Carcinoid tumours are the type of tumours that form in the neuroendocrine system. The neuroendocrine system comprises a series of glands that are responsible for the production of hormones, which have crucial bodily functions to perform.
Carcinoid tumours are usually slow-growing and do not have any signs or symptoms until the later stages. A large percentage of carcinoid tumours are formed in the appendix and small intestines. However, they can also form in the GI tract, stomach, colon, rectum, lungs, pancreas and ovaries or testicles. Wherever they arise, carcinoid tumours affect the cells that produce hormones.
There are three types of carcinoid tumours:
Carcinoid tumours are slow-growing in most cases and show signs and symptoms in later stages. The symptoms associated with this disease are specific to the organ that it forms in. Following are some of the common symptoms associated with carcinoid tumours:
Symptoms could be organ-specific, i.e., tumours formed in the GI tract may cause blood in stool, diarrhoea, rectal pain and bleeding. Carcinoid tumours formed in the lungs, on the other hand, may cause chest pain, shortness of breath, wheezing, weight gain in the midsection and upper back, etc.
As mentioned before, carcinoid tumours produce hormones and other chemicals, which lead to a range of health complications:
To conclude, any symptom that persists for more than two weeks should not be ignored and brought to the notice of the physician as early as possible.
Although the exact cause for the carcinoid tumour is unknown. Researchers have identified a few factors that increase the risk of developing this disease. Carcinoid tumour formation may be associated with one or more factors listed below:
Multiple tests are available for the detection and definitive diagnosis of carcinoid tumours.
a. Blood and Urine Tests: Hormone-secreting carcinoids may lead to excess levels of certain hormones in the body. Abnormal levels of these hormones and the by-products that are formed when these hormones break down can be detected through blood tests and urine tests.
b. Imaging Tests: Imaging tests, namely PET/CT scan, MRI scan, octreotide scan and X-ray, help pinpoint the tumour location. The results from these tests also support treatment planning.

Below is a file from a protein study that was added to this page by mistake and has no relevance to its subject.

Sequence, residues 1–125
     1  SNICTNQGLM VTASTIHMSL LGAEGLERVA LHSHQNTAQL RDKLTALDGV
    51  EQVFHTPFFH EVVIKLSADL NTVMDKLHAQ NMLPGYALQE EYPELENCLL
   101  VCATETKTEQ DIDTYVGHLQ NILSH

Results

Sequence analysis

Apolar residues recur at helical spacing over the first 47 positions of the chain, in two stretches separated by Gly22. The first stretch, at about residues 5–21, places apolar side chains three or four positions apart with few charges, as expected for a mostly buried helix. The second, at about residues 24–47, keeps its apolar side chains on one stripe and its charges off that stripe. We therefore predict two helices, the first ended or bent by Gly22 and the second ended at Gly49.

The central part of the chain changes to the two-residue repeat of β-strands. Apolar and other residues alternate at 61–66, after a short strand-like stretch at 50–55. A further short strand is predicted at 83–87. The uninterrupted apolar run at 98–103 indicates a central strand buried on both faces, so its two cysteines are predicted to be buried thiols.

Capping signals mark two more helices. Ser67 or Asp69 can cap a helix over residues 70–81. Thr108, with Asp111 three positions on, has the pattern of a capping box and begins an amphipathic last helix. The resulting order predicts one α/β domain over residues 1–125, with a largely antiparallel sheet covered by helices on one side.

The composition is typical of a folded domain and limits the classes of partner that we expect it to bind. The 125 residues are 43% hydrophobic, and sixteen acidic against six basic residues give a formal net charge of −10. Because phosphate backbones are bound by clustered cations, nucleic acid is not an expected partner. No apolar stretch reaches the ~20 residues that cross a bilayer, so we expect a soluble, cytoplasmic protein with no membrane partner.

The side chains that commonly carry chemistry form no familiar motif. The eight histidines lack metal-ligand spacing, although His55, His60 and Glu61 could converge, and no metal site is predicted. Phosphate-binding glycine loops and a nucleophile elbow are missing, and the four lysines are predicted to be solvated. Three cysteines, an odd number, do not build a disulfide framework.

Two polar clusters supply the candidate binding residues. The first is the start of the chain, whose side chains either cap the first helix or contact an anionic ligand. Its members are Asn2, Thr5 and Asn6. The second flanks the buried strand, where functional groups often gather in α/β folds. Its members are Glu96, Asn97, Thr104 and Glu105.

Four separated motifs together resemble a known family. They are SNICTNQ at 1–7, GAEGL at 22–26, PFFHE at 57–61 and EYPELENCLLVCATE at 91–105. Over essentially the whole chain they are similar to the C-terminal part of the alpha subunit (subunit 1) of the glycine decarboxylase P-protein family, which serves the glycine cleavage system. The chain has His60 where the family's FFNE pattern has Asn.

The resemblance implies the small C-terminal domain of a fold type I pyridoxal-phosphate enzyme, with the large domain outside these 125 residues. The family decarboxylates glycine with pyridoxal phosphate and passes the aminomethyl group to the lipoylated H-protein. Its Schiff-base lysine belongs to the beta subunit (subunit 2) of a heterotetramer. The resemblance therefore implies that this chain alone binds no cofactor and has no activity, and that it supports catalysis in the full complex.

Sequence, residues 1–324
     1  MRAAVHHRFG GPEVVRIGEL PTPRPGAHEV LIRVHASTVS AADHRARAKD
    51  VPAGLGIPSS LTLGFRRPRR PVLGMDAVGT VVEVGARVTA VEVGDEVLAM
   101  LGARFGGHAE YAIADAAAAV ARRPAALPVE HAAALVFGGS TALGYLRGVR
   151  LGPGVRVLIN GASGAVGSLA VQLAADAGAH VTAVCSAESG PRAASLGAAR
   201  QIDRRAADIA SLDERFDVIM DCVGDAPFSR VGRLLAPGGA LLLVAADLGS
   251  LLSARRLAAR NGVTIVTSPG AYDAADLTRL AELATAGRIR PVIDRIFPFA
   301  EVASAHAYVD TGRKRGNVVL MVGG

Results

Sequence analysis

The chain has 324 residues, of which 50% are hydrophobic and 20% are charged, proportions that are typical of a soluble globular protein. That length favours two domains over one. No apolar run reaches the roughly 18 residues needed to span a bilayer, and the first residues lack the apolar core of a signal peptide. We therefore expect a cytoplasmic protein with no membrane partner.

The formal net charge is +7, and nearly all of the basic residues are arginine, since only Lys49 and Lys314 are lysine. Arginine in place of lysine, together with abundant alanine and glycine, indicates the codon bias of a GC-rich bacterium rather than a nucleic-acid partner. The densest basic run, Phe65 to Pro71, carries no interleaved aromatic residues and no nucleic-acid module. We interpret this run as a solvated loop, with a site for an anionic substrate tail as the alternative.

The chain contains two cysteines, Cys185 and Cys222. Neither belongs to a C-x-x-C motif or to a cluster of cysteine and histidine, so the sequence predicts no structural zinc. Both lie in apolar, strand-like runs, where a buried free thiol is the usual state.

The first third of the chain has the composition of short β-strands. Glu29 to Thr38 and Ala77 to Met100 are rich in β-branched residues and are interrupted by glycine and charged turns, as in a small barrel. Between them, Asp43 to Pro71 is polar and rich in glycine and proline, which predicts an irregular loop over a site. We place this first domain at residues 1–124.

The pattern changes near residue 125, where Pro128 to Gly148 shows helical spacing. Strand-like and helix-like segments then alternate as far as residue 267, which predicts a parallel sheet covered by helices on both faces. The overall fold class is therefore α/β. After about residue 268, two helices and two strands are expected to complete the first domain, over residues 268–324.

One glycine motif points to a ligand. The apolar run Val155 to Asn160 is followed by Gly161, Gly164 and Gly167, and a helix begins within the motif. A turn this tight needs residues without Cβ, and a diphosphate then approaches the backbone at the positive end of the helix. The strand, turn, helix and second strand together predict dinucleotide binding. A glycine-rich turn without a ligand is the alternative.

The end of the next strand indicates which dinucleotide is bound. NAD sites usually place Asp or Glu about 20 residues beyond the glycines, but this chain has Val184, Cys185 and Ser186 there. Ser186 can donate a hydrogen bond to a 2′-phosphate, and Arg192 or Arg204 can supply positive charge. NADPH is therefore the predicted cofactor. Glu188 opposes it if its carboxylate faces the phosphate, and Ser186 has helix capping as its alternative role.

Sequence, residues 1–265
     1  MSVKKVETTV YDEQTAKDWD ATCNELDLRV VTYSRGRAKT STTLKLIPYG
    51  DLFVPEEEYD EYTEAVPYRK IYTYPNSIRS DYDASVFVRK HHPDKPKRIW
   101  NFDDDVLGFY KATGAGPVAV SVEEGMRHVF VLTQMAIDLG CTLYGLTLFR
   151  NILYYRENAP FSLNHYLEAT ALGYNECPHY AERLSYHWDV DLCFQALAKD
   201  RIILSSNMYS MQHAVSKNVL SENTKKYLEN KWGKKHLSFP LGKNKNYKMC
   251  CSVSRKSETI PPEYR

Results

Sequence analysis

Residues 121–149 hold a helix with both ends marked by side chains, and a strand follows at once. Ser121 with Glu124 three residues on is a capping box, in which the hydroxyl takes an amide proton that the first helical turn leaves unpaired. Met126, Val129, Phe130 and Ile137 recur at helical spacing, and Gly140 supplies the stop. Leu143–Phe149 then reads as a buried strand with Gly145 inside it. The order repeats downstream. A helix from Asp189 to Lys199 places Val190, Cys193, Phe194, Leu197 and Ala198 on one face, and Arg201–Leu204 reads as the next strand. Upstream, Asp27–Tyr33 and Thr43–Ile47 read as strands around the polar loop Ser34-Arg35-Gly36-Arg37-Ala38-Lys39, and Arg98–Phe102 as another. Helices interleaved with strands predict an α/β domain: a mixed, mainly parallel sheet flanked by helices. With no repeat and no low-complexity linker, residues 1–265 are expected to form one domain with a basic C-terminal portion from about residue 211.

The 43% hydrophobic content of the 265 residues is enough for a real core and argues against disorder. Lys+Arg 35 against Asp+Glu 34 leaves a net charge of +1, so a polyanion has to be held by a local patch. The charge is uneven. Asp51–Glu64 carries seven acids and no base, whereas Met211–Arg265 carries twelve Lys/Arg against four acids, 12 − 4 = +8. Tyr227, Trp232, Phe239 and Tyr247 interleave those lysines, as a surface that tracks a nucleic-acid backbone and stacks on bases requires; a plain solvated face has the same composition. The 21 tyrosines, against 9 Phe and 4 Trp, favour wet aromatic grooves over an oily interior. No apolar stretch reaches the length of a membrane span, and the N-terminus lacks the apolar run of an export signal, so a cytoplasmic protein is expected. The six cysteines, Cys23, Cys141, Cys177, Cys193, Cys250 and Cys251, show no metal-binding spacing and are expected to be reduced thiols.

c. Endoscopy: An endoscope may be inserted through the throat (bronchoscope) or rectum (colonoscope) to diagnose carcinoid tumours in various parts of the body. To detect carcinoid tumours of the small intestine, capsule endoscopy may be recommended where the patient is asked to swallow a pill-sized camera before the inspection.
d. Radionuclide scanning: This is a special diagnostic method where the patient is administered a small amount of radioactive tracer that goes and binds to the carcinoid tumours once it enters the bloodstream. This test helps in determining the regions where the tumours are present.
e. Biopsy: Biopsy involves the removal of a small portion of the tissue from the tumour and examining it under the microscope to study the aggressiveness and grade of the tumour. The tissue sample may be collected by inserting a fine needle, or it may be excised during surgery.
The treatment options available for carcinoid tumours are surgery, radiation therapy, chemotherapy, immunotherapy, targeted therapy and hormone therapy. The treatment plans for the carcinoid tumours are made after considering multiple factors such as the type of the tumour, its location and size, the stage, the grade and most importantly, the overall condition of the patient.
a. Surgery: Surgery is the main line of treatment for carcinoid tumours. Multiple surgical methods are available to operate the tumours based on their location:
b. Radiation Therapy: Radiation therapy uses high-energy radiation beams to destroy cancer cells. Radiation may either be delivered externally (through linear accelerator) or internally (brachytherapy).
c. Systemic therapy: Systemic therapies are those that find and attack tumours throughout the body, including the ones that are too small to detect.
Carcinoid tumours can be both benign and malignant. In a few cases, carcinoid tumours are fast-growing and more readily spread to other organs or cause complications such as carcinoid syndrome by producing certain hormones in excess levels.
Yes, carcinoid tumours are treatable. There are multiple treatment options available for carcinoid tumours today.
Since carcinoid tumours are slow-growing in most cases, early detection and timely treatment are usually feasible.
Yes, a blood test helps detect carcinoid tumours. The abnormal levels of certain hormones, such as serotonin, cortisol, etc., caused due to carcinoid tumours can be easily detected through blood tests. However, additional tests are required for a conclusive diagnosis.
Each case of carcinoid tumour is different, and therefore, the prognosis will be different too. The disease prognosis for any patient is made based on several factors, such as:
For more accurate information on your disease prognosis, you should have a detailed discussion with your doctor.